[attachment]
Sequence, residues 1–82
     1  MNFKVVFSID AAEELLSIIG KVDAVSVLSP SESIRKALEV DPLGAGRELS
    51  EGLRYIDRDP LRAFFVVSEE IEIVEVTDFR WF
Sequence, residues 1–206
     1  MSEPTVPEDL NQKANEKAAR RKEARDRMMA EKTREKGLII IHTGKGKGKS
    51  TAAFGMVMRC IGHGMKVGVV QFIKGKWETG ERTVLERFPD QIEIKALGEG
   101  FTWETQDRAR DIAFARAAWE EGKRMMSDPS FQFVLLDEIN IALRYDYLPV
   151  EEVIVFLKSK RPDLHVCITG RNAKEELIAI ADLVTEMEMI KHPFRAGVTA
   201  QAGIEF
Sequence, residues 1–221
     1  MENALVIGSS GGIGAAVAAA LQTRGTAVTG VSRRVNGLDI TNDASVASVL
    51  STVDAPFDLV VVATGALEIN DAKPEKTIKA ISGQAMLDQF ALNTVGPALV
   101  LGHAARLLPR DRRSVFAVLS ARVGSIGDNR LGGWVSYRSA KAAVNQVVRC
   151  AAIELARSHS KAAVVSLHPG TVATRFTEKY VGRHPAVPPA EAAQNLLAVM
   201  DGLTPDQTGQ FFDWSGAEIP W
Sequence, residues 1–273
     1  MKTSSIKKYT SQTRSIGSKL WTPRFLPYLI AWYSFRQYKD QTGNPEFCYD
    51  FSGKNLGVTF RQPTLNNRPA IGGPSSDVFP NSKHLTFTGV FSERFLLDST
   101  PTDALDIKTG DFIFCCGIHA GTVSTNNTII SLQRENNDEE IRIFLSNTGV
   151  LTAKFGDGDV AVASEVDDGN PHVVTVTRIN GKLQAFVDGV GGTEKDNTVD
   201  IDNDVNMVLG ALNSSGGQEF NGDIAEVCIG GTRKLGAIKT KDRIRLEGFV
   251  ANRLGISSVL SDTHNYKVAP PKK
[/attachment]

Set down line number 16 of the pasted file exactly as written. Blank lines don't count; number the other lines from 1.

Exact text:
Sequence, residues 1–273